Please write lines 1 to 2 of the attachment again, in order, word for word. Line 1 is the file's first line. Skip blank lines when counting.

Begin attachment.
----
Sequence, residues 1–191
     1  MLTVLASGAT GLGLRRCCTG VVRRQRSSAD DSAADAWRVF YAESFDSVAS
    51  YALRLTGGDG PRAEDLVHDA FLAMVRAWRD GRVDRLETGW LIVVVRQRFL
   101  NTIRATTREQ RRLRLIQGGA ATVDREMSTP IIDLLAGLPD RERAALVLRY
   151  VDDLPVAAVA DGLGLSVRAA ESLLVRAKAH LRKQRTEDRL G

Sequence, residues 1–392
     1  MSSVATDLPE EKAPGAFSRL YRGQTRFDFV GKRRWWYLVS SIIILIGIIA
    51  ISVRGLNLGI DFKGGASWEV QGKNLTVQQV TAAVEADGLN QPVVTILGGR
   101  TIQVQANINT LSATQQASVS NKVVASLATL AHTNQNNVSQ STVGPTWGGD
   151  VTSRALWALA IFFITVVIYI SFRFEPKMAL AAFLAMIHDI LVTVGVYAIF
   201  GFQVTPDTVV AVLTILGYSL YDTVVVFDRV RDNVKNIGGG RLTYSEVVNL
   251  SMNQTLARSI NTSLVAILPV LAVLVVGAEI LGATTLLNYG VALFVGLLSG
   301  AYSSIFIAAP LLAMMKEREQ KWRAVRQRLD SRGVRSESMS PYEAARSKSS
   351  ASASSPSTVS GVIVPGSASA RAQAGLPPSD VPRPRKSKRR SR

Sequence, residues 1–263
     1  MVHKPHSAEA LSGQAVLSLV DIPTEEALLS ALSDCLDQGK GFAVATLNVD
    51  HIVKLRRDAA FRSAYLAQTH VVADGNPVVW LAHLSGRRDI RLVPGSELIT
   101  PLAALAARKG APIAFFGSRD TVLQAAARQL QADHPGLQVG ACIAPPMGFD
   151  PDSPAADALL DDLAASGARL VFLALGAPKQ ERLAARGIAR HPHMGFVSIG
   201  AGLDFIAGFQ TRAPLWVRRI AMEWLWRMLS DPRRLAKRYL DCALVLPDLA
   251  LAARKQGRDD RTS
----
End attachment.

Sequence, residues 1–191
     1  MLTVLASGAT GLGLRRCCTG VVRRQRSSAD DSAADAWRVF YAESFDSVAS